Thousands of people gathered on the streets of Hong Kong yesterday to protest against a new controversial law that will be pushed through by the Chinese government within the next few days.
The law, announced on Thursday by China, plans to bypass the legislature in Hong Kong and will ban sedition, secession, and subversion against Beijing.
Termed as a “national security law”, it will have a dramatic effect on all aspects of life in Hong Kong, from how people can use social media to the political sphere of the city, and from education to broadcast media and business.
Despite the threat of coronavirus, and with social distancing taking a back seat, several thousand people took to the streets to protest against the announcement and try to protect their civil liberties.
Within an hour, police had turned up and fired tear gas into the crowds as some protesters fought back by launching objects at the police.
The crowds chanted slogans that have been heard several times over the past few months during protests opposing Chinese plans to extradite citizens of the city to mainland China.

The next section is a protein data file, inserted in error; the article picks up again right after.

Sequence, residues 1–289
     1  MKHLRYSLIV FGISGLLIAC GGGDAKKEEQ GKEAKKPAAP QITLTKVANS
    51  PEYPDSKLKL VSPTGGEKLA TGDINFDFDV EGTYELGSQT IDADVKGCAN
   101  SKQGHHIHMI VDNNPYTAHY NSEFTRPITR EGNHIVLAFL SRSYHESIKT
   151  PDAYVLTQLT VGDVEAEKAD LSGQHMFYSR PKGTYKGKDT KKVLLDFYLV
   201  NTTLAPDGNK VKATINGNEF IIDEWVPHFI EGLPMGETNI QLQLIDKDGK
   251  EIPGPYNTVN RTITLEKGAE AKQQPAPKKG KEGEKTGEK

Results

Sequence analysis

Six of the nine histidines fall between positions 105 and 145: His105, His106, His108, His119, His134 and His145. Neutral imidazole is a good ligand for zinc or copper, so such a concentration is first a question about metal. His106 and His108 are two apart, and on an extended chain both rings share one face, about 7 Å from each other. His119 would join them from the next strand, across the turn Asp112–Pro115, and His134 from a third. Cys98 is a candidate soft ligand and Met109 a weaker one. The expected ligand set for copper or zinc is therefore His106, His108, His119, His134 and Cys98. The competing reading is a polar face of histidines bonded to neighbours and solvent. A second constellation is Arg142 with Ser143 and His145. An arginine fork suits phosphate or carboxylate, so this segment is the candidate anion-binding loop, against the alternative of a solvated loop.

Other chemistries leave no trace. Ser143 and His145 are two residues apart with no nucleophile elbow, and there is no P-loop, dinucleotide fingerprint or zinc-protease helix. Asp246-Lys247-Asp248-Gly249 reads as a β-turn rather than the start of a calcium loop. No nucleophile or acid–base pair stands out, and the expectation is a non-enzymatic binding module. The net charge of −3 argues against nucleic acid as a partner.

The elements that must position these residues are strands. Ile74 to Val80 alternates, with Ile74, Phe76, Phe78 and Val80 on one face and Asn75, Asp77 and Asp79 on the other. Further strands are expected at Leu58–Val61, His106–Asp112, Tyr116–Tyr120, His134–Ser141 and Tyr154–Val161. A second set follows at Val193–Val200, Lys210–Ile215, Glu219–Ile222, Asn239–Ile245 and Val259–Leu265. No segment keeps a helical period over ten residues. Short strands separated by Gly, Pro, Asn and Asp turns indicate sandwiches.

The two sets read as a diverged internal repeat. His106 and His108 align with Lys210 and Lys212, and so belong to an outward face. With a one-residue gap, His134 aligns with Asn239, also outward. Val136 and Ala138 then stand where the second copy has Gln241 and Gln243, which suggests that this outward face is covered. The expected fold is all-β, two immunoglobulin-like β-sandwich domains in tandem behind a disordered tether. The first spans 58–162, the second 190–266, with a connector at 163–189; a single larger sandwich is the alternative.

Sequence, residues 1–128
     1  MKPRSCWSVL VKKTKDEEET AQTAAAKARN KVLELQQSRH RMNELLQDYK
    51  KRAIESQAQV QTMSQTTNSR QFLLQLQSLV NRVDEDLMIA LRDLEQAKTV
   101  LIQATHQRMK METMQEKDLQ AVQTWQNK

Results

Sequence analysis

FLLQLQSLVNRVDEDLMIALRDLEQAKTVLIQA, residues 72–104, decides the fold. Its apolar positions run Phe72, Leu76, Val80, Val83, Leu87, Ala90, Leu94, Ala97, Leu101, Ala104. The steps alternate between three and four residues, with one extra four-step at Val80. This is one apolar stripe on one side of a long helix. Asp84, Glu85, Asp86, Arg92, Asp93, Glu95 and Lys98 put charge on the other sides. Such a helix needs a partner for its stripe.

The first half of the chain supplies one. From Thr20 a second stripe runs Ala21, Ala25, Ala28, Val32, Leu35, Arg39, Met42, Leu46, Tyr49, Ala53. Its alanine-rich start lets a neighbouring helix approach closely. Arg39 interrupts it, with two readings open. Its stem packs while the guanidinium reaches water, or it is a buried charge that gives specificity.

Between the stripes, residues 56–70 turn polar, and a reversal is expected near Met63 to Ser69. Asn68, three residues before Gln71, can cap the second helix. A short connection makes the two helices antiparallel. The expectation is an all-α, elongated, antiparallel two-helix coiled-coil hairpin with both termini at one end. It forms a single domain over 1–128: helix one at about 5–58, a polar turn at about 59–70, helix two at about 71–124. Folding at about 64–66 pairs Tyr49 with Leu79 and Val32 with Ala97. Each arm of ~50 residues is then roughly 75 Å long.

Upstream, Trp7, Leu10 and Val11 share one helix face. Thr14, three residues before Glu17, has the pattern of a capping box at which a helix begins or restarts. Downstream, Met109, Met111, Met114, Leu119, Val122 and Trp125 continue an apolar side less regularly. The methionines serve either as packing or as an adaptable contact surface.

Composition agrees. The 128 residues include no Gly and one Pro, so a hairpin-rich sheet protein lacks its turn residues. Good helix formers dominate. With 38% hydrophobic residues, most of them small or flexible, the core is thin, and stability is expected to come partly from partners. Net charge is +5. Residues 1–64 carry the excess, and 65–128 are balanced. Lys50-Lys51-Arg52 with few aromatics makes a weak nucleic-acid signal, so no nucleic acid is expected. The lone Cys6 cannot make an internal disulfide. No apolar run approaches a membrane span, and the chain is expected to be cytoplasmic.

“Liberate Hong Kong, revolution of our times,” chanted the crowds as they gathered in the busy Causeway Bay shopping district. “Hong Kong independence, the only way out,” the protesters continued.
The protests have led Chinese Foreign Minister, Wang Yi, to say that the new law must be rushed through to try and prevent such scenes in the future. Speaking at the National People’s Congress, she said:
“We must get it done without the slightest delay.”
The new law has been strongly opposed by many democratic countries, human rights organizations, and charities. One pro-democracy lawmaker, Dennis Kwok, claimed the law would “destroy Hong Kong,” saying:
“It is the end of ‘one country, two systems. (They are) completely destroying Hong Kong.”